BOISE – Idaho Gov. Butch Otter has named 5th District Judge Richard Bevan of Twin Falls to the Idaho Supreme Court to succeed retiring Justice Daniel Eismann.
Bevan, 58, was among four finalists for the position submitted to Otter by the Idaho Judicial Council. The others were 2nd District Judge John Stegner of Moscow, 7th District Judge Greg Moeller of Rexburg, and Boise attorney Rebecca Rainey.
Eismann’s retirement is effective Aug. 31, which is this Thursday.
Otter praised Bevan’s “judicial demeanor, his sound and well-reasoned decisions, and his impressive knowledge and understanding of the legal issues that are most consequential to the citizens he serves on the bench.”
“(Bevan) has consistently tackled tough, socially significant issues with an open mind and a determination to find solutions that protect both the community and the individuals who appear before him,” Otter said.
Bevan, a native of Twin Falls, holds both bachelor’s and law degrees from Brigham Young University. His bachelor’s degree was in business management and finance. He has served as a 5th District judge since 2003, and currently is the administrative judge for the district.
He previously practiced law in Twin Falls as a partner in Hollifield & Bevan PA. He also served as Twin Falls County prosecutor.
As a judge, he helped establish and presided over the 5th District’s mental health court for felony defendants with severe and persistent mental illness, and also presided over a Veterans Treatment Court established in 2015.
“I am honored and humbled to be chosen as Idaho’s next Supreme Court justice,” Bevan said in a statement. “I appreciate the confidence placed in me throughout this process. I pledge to act with all the power that I possess to be a faithful servant of the United States and Idaho constitutions, to the rule of law and to the people of the state of Idaho.”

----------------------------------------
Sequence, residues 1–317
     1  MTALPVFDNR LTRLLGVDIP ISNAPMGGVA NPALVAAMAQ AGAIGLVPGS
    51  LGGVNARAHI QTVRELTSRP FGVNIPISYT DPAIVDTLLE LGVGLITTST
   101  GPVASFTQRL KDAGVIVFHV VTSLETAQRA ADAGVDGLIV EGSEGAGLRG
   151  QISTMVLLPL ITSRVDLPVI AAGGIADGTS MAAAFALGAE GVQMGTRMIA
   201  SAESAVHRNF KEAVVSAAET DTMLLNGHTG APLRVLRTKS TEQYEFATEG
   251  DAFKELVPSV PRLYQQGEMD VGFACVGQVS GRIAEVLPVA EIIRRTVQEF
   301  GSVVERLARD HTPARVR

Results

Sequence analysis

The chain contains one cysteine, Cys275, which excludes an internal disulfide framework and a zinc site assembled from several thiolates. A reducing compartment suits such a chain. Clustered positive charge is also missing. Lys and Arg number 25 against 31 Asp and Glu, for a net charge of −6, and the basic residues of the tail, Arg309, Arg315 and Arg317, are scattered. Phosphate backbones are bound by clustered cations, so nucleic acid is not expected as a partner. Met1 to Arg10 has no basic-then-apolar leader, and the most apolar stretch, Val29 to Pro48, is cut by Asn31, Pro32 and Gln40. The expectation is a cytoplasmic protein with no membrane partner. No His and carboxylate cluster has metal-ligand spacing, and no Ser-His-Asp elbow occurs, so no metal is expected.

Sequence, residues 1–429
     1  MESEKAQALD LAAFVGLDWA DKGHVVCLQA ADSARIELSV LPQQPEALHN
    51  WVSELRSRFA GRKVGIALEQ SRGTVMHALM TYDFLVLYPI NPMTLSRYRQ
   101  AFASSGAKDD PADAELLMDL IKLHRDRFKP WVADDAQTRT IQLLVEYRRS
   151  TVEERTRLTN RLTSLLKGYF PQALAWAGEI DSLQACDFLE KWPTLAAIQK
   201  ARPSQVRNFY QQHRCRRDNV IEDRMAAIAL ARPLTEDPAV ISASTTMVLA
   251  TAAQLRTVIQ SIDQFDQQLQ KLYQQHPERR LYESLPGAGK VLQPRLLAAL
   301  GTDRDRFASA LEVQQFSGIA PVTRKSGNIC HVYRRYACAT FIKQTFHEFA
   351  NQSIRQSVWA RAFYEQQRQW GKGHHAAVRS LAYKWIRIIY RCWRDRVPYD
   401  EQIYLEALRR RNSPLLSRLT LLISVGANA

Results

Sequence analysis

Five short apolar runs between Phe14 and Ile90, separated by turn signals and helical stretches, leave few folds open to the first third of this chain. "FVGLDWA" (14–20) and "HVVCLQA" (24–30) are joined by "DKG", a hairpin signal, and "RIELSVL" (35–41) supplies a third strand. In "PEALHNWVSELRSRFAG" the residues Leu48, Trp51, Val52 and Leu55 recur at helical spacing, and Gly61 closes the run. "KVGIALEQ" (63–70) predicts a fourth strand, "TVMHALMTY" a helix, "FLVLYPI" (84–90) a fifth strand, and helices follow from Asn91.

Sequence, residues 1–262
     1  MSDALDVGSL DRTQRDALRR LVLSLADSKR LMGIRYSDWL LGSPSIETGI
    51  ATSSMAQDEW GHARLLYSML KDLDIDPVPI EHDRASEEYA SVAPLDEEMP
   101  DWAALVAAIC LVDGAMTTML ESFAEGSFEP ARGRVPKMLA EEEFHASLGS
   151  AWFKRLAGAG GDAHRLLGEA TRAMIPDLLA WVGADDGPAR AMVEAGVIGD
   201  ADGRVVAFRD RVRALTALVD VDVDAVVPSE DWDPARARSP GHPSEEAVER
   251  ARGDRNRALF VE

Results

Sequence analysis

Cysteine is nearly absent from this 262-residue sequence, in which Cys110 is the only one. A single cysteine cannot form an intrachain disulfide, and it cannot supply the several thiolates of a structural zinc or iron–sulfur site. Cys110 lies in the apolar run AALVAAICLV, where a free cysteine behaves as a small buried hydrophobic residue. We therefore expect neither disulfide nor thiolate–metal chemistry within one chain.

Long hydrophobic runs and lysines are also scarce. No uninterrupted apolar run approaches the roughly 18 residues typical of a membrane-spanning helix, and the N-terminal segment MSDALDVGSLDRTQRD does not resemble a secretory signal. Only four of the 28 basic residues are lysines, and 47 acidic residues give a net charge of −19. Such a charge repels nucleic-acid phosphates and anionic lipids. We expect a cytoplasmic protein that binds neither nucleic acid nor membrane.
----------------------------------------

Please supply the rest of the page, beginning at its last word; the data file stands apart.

Bevan and his wife Pamela have five grown children.
Bevan was among those considered by Idaho Sens. Mike Crapo and Jim Risch for nomination as a federal district judge. That nomination ended up going to 6th District Judge David Nye of Pocatello.
The Idaho Supreme Court opening was much sought-after: applicants included six sitting district judges, one current Idaho Court of Appeals judge and six attorneys from around the state. Bevan will serve out the remainder of Eismann’s term before standing for election in 2018 for a full six-year term.
When the 13 prospective justices were publicly interviewed by the Idaho Judicial Council last month, longtime council member Phil Reberger told Bevan his application was “the best I’ve read in a long time.”
Chief Justice Roger Burdick, who chairs the council, told Bevan that when the council asks applicants for 5th District judgeships about role models they’d like to emulate, “Your name comes up 100 percent of the time.”
“What do you think is the secret of being a good trial judge?” Burdick asked Bevan.
Bevan responded that he’s always approached the role keeping in mind what it was like to be on the other side of the bench and to offer respect to those appearing before him in court. “That courtesy goes so far,” he said. Plus, he said, “I take the time to lay out the rationale, the reasoning for why I’m ruling the way that I am.”
That transparency, he said, helps instill confidence in the courts and their decisions.
Idaho’s Supreme Court has five justices.
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